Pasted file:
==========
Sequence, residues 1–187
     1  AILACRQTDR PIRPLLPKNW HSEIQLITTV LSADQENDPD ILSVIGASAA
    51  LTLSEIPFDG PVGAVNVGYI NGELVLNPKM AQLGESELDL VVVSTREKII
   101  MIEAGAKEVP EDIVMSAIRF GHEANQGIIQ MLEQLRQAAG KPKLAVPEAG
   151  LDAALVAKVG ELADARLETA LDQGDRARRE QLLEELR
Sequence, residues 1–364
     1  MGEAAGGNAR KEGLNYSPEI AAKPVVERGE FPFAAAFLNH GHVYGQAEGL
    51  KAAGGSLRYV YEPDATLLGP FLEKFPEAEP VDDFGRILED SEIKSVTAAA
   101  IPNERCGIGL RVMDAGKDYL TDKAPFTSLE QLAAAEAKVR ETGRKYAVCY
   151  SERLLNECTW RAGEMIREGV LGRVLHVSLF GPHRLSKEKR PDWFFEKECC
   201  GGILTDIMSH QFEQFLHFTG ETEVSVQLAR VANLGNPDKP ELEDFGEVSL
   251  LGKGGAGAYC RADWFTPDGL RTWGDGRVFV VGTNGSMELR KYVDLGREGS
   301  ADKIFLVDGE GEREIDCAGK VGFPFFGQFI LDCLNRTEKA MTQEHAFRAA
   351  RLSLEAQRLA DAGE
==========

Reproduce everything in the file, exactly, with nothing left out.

Sequence, residues 1–187
     1  AILACRQTDR PIRPLLPKNW HSEIQLITTV LSADQENDPD ILSVIGASAA
    51  LTLSEIPFDG PVGAVNVGYI NGELVLNPKM AQLGESELDL VVVSTREKII
   101  MIEAGAKEVP EDIVMSAIRF GHEANQGIIQ MLEQLRQAAG KPKLAVPEAG
   151  LDAALVAKVG ELADARLETA LDQGDRARRE QLLEELR
Sequence, residues 1–364
     1  MGEAAGGNAR KEGLNYSPEI AAKPVVERGE FPFAAAFLNH GHVYGQAEGL
    51  KAAGGSLRYV YEPDATLLGP FLEKFPEAEP VDDFGRILED SEIKSVTAAA
   101  IPNERCGIGL RVMDAGKDYL TDKAPFTSLE QLAAAEAKVR ETGRKYAVCY
   151  SERLLNECTW RAGEMIREGV LGRVLHVSLF GPHRLSKEKR PDWFFEKECC
   201  GGILTDIMSH QFEQFLHFTG ETEVSVQLAR VANLGNPDKP ELEDFGEVSL
   251  LGKGGAGAYC RADWFTPDGL RTWGDGRVFV VGTNGSMELR KYVDLGREGS
   301  ADKIFLVDGE GEREIDCAGK VGFPFFGQFI LDCLNRTEKA MTQEHAFRAA
   351  RLSLEAQRLA DAGE